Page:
French and Belgian and 52 Croatian collaborators had also managed to escape
justice in Argentina. Thus, a grand total of fewer than 200 Nazis and Nazi
collaborators, of whom only a few could be considered dangerous war criminals,
was determined to have entered Argentina.
Admittedly, Austrian Bishop Alois Hudal and other
priests were found to have aided several wanted individuals in their time of
need, just as they helped Jews earlier, when they were threatened. Some gold
and valuables belonging to dubious individuals may have been transferred from
Europe to Argentina, the land of silver, but certainly not large quantities. Concerning
gold transfers, CEANA reports unequivocally that “Nazi gold never entered the
country physically . . . and that any complicity of Argentina Central Bank in
transactions related to Nazi gold was, in any case, very marginal.” Further, no
official records involving the Perón administration on the matter of gold
transfers or looted art have been revealed.
Quite naturally, many Germans, who saw no future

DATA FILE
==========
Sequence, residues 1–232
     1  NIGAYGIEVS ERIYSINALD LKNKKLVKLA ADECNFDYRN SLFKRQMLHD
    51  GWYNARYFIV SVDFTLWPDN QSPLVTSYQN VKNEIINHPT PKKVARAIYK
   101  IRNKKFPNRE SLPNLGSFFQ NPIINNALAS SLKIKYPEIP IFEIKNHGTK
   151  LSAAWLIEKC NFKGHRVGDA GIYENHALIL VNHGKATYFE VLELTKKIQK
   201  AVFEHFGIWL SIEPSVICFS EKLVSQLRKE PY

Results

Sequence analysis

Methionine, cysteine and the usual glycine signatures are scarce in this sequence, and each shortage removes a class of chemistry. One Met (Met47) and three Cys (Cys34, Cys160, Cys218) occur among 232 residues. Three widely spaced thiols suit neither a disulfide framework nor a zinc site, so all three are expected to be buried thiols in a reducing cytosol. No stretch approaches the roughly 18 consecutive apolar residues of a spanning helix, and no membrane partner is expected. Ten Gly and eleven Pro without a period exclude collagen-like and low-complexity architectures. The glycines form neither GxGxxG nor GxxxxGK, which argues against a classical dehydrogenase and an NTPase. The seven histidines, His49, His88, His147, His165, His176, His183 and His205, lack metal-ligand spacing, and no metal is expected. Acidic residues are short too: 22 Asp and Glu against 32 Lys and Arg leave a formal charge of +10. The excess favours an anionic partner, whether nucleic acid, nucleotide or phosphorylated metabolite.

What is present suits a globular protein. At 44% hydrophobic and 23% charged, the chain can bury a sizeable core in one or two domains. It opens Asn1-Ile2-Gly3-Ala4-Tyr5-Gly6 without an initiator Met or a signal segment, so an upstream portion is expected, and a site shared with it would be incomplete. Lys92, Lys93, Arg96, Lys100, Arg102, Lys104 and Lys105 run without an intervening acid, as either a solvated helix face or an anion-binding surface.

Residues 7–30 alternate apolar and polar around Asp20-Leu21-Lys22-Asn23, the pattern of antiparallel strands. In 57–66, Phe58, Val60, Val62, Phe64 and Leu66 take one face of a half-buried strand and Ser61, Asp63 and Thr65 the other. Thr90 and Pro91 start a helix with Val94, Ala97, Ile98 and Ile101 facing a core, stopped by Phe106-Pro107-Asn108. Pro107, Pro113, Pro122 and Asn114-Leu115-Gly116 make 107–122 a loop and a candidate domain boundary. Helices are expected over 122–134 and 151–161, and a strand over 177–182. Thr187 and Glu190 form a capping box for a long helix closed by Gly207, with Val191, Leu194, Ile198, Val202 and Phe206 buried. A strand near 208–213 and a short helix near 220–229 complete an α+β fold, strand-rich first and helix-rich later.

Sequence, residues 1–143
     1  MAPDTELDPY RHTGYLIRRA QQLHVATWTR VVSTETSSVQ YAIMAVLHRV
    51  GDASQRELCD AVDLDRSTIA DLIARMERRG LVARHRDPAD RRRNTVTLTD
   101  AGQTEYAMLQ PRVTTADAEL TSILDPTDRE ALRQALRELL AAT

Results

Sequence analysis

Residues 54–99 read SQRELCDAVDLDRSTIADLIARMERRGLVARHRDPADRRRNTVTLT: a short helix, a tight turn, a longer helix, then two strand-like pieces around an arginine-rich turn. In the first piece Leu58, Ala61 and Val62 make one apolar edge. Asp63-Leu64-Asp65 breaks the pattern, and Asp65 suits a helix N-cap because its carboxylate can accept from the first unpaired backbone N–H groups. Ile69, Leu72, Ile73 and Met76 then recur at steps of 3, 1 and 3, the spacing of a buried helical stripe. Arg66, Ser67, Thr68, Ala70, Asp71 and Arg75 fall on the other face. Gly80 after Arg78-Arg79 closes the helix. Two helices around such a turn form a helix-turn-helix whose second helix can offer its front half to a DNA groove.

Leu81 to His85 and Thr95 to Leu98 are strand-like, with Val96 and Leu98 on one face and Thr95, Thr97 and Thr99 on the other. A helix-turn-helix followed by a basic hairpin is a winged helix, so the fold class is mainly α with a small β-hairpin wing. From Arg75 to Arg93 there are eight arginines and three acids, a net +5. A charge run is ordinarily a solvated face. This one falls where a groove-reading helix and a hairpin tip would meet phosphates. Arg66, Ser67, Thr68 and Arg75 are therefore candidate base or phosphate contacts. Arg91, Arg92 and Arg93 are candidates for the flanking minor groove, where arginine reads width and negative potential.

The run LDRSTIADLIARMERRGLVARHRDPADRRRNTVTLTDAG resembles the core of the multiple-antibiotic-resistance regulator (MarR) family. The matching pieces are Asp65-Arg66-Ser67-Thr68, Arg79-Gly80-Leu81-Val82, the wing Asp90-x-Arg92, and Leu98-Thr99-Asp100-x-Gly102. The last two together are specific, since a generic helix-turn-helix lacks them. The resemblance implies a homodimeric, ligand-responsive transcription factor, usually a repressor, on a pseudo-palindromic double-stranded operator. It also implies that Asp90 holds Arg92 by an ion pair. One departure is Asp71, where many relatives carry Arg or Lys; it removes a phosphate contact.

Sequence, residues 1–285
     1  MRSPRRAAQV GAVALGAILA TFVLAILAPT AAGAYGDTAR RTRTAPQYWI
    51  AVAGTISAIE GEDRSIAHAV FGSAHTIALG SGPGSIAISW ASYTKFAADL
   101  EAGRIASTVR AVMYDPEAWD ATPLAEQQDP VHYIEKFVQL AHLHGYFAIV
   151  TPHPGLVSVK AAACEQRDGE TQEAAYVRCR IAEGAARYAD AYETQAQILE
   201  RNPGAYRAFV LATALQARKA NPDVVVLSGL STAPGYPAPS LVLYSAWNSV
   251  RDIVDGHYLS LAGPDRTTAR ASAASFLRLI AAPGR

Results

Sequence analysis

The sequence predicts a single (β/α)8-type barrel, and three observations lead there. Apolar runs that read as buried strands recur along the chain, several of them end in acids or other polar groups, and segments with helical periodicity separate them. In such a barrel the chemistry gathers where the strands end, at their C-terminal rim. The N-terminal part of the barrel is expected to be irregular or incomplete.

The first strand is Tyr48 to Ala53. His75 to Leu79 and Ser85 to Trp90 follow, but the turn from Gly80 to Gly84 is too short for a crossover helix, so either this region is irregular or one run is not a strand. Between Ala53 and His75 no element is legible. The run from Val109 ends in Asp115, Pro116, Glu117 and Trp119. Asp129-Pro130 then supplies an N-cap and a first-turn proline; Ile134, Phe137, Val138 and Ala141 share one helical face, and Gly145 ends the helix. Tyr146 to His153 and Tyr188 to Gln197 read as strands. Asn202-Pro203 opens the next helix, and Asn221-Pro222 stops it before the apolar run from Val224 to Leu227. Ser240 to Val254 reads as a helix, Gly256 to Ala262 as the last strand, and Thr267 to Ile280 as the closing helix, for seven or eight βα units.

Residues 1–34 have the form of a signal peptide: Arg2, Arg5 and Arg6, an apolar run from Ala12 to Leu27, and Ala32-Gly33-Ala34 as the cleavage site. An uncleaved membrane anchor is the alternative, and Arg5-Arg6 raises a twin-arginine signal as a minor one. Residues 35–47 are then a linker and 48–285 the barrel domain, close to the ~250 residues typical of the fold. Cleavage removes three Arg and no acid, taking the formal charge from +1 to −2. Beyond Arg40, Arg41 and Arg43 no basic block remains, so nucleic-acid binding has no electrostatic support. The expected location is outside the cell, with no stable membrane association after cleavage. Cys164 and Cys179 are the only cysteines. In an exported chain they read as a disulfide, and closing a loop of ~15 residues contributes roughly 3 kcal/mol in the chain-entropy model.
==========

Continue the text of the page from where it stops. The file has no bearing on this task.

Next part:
in Germany in 1945, chose to emigrate to Argentina. Moreover, Argentina, as a
Catholic country, has a long tradition, shared with other Latin countries, of
permitting its churches to grant sanctuary to individuals in need and of
granting defeated military personnel the privilege of seeking safety in exile.
The continued animosity of the Anglo-American
Establishment directed against the persons of Juan Domingo Perón and his wife,
Eva Duarte de Perón (known as “Evita”), which borders on the pathological,
deserves special attention. This enduring animus would be incomprehensible
without understanding the history of British imperialism in Argentina and the
sociopolitical revolutions of the first half of the 20th century.
The underlying cause of the continuing UK/U.S.
hostility toward Argentina stems from the Peróns’ success in freeing the
country, albeit temporarily, from its traditional economic dependence on
foreign markets and capital, initially British but later American. British and
U.S. companies eventually held a virtual monopoly over the Argentine
meat-packing, railroad, electric power, pharmaceutical and other industries. In
1933, the controversial Roca-Runciman Treaty seemed to seal the special
Argentine-British relationship. It would also have kept Argentina in a
quasi-colonial status as agricultural supplier to Britain.
Several unforeseen events upset this special
relationship. First, the onset of World War II cut Argentina off from its
traditional markets and investment sources and forced the country to become
more self-sufficient by developing its own industrial and financial base. With
modernization and industrialization, the labor unions grew ever more powerful. The
long-reigning Argentine oligarchy, with which the British had always dealt,